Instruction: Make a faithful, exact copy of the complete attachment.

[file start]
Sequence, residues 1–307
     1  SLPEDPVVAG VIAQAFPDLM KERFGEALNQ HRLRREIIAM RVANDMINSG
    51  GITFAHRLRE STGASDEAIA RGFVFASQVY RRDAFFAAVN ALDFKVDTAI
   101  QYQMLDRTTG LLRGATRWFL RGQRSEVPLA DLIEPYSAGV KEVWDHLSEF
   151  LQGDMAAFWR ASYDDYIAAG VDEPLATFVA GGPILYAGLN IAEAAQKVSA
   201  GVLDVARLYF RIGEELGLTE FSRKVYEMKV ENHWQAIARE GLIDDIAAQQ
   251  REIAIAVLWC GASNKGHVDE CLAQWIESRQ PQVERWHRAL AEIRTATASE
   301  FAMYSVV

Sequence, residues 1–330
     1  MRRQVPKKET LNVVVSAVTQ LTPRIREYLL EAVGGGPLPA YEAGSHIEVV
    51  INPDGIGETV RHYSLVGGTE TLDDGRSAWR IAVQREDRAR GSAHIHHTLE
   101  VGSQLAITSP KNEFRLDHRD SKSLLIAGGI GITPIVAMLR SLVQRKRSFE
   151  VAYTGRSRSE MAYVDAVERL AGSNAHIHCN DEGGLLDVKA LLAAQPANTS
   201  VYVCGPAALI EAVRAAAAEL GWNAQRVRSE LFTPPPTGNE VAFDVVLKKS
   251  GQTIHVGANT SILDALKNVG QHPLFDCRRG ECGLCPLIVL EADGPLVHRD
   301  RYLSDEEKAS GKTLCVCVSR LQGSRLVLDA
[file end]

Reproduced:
Sequence, residues 1–307
     1  SLPEDPVVAG VIAQAFPDLM KERFGEALNQ HRLRREIIAM RVANDMINSG
    51  GITFAHRLRE STGASDEAIA RGFVFASQVY RRDAFFAAVN ALDFKVDTAI
   101  QYQMLDRTTG LLRGATRWFL RGQRSEVPLA DLIEPYSAGV KEVWDHLSEF
   151  LQGDMAAFWR ASYDDYIAAG VDEPLATFVA GGPILYAGLN IAEAAQKVSA
   201  GVLDVARLYF RIGEELGLTE FSRKVYEMKV ENHWQAIARE GLIDDIAAQQ
   251  REIAIAVLWC GASNKGHVDE CLAQWIESRQ PQVERWHRAL AEIRTATASE
   301  FAMYSVV

Sequence, residues 1–330
     1  MRRQVPKKET LNVVVSAVTQ LTPRIREYLL EAVGGGPLPA YEAGSHIEVV
    51  INPDGIGETV RHYSLVGGTE TLDDGRSAWR IAVQREDRAR GSAHIHHTLE
   101  VGSQLAITSP KNEFRLDHRD SKSLLIAGGI GITPIVAMLR SLVQRKRSFE
   151  VAYTGRSRSE MAYVDAVERL AGSNAHIHCN DEGGLLDVKA LLAAQPANTS
   201  VYVCGPAALI EAVRAAAAEL GWNAQRVRSE LFTPPPTGNE VAFDVVLKKS
   251  GQTIHVGANT SILDALKNVG QHPLFDCRRG ECGLCPLIVL EADGPLVHRD
   301  RYLSDEEKAS GKTLCVCVSR LQGSRLVLDA